416. The need to consult with indigenous peoples is especially heightened when their relocation from their traditional lands is at issue, given the profound effects on them that such relocations invariably have. Because the relocation of indigenous peoples who have strong cultural and material connections to the lands from which they are removed implicates threats to a range of human rights,[97] the establishment of national parks and conservation areas should not result in the relocation of indigenous peoples as a general matter. Ways should be explored, in consultation with the indigenous peoples concerned, to develop conservations regimes without their removal. If relocation is considered an option, however, that option should only be realized with adequate mitigation measures and with the consent of the indigenous people being resettled. The Declaration on the Rights of Indigenous Peoples states in its article 10 that “Indigenous peoples shall not be forcibly removed from their lands or territories. No relocation shall take place without the free, prior and informed consent of the indigenous peoples concerned and after agreement on just and fair compensation and, where possible, with the option of return.”

Need for redress and measures to provide for the welfare of indigenous peoples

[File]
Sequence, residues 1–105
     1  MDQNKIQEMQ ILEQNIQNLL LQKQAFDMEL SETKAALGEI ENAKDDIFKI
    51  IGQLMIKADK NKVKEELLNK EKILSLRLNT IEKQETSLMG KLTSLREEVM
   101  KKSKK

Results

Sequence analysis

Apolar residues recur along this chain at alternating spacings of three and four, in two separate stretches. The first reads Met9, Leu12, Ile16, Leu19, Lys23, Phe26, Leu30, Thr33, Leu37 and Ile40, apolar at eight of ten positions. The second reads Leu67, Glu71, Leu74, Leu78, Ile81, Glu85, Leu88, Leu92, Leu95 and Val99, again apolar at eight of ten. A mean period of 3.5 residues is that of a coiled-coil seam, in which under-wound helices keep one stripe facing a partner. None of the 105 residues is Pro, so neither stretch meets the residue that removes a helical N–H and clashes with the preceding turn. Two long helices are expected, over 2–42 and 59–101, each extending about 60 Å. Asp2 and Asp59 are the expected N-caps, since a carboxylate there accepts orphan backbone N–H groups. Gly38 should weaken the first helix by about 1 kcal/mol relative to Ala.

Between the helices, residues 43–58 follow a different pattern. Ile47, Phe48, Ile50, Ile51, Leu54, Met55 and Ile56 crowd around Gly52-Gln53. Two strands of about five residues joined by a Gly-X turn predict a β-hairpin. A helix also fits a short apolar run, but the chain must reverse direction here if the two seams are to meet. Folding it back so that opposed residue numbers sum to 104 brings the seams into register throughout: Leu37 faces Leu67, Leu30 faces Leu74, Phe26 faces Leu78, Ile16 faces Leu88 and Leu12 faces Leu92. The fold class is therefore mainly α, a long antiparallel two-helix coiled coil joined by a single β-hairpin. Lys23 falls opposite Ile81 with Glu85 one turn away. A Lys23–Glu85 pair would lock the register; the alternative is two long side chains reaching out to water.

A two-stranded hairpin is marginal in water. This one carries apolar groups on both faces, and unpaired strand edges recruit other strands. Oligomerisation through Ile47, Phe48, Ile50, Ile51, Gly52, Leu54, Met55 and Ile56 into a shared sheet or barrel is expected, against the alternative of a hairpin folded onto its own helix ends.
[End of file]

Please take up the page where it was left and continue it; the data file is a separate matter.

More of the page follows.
417. It appears, however, that in the case of the Benet in the Mount Elgon area, involuntary resettlement and relocation have occurred on more than one occasion, without prior consultation or consent. Thus, it is necessary to ensure adequate redress for the resettlement and its ongoing effects on the Benet people. In addition to article 10 of the United Nations Declaration, which calls for just and fair compensation and the option of return in cases of relocation, article 28 of the Declaration affirms the right of indigenous peoples “to redress, which can include restitution or, when this is not possible, just, fair and equitable compensation, for the lands, territories and resources which they have traditionally owned or otherwise occupied or used, and which have been confiscated, taken, occupied, used or damaged without their free, prior and informed consent.” And, “Unless otherwise freely agreed upon by the peoples concerned, compensation shall take the form of lands, territories and resources equal in quality, size and legal status or of monetary compensation or other appropriate redress.” Furthermore, in accordance with article 32(1), “States shall provide effective mechanisms for just and fair redress for any projects affecting their lands or resources, and appropriate measures shall be taken to mitigate adverse environmental, economic, social, cultural or spiritual impact.”